The New Place

The next few posts are going to be kind of disjointed on the timeline.  There’s a lot going on now that I’m back that I really want to write about, but I also want to write a bit about what I did at home.  So things will come as I get the energy to post about them.  Jet lag is a drain on motivation and creative juices.

Now that I’m back I’m starting to really settle into my new apartment.  Almost everything is unpacked, but there are still quite a few things that still need to find a home.  Above all else, my favorite thing about the new place has to be the hot water in the kitchen.  My dishes get done so much sooner when I don’t have to turn on the kettle or boil water on the stove to do so.

While I was washing dishes after dinner tonight, I was thinking about something my friend Brian mentioned to me before I left.  He was told me that while he was studying in South America (yes, I forgot which country.  At least I get a point for the right continent, right?) he learned to live with a lot less.  As a chronic stuff-haver, this became a goal for me.  At the end of every school year during college, at some point I would look at the heaps of boxes of suitcases I had to (and my parents had to help with) schlepping back to St. Louis, and I would say, “Why do I have so much stuff?”  Most of it probably isn’t even used on a regular basis.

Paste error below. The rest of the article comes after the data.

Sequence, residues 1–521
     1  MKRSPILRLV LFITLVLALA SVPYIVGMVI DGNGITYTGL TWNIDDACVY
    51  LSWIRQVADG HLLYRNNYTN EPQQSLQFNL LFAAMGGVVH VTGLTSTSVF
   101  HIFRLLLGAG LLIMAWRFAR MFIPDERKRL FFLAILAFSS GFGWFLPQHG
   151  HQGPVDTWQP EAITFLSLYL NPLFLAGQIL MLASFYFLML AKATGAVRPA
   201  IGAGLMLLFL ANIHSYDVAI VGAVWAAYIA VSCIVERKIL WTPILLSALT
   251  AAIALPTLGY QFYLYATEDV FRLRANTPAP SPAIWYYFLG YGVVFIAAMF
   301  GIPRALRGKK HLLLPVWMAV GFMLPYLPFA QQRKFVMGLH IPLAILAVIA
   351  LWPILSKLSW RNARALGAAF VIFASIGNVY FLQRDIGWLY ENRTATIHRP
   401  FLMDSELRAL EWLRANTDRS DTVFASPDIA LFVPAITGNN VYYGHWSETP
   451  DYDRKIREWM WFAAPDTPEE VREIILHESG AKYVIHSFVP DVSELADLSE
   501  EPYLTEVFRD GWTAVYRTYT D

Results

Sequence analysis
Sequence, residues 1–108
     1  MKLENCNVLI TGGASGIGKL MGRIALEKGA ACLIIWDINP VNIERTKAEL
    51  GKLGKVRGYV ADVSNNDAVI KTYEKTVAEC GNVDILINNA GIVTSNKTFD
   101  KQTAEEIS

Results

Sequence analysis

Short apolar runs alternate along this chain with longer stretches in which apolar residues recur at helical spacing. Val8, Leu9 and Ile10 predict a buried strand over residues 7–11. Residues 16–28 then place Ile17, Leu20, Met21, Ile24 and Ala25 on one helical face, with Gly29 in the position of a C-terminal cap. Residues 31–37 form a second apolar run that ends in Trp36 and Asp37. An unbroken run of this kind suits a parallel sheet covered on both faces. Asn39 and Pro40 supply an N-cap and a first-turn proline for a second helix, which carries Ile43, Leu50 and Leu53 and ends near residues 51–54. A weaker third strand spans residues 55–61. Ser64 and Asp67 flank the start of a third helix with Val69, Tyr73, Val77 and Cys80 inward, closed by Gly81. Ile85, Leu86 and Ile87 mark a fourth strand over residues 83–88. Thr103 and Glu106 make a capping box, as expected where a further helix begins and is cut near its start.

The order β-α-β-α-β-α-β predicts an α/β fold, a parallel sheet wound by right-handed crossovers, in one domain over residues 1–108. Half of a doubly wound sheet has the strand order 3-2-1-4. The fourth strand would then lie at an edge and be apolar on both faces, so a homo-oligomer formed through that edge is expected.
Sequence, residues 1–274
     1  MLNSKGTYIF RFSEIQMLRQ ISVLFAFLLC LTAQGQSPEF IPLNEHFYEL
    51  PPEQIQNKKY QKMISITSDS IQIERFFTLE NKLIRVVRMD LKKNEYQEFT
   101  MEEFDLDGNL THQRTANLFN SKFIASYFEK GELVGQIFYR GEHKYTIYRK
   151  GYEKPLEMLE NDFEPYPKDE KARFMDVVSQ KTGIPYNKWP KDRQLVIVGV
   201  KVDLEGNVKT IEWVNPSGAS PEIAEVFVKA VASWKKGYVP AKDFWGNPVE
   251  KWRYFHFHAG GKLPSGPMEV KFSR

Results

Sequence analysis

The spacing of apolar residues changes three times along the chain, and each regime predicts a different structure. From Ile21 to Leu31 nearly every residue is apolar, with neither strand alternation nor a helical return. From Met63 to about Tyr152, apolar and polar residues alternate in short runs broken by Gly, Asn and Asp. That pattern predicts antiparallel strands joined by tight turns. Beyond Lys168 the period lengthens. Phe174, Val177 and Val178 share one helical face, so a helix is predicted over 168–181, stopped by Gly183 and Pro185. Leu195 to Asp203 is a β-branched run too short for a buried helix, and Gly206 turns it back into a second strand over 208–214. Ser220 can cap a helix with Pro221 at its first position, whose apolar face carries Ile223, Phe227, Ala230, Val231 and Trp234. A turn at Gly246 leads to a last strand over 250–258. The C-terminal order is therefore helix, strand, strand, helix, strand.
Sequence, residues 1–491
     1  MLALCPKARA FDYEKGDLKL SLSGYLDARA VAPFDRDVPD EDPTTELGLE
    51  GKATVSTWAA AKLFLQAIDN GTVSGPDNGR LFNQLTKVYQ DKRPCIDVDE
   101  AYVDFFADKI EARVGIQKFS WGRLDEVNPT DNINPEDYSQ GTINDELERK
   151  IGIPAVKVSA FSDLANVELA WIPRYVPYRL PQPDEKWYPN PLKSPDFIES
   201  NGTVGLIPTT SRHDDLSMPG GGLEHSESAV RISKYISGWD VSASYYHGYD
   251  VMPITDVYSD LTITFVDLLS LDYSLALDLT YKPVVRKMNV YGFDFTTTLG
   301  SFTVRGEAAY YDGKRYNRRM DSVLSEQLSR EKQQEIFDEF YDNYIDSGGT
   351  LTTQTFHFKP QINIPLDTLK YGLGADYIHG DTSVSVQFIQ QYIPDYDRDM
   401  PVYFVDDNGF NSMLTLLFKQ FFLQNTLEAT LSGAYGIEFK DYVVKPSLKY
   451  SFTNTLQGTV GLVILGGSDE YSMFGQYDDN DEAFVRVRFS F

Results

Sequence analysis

I was really hoping that living in Japan would help me learn how to live with less, especially since I assumed my apartment would be rather small.  Fast forward to moving in March.  I have too much stuff.  I will always have too much stuff I think, but I have definitely lived to learn with less in other ways.  I learned to live without central heating, a drier, a dishwasher, garbage disposal, and hot water outside of the shower.  All of these things that I thought I could never live without (or would never want to), and I have found myself adapting with much less trouble than previously imagined.  More than that, now that I have hot water everywhere, my apartment is sealed well enough that it’s more climate controlled, and my washing machine is inside instead of out on the balcony, I can appreciate all of that so much more because I know what it’s like to live without those comforts.

So it definitely doesn’t compare to living a lot of places in South America, but for me, it is definitely a good learning experience.

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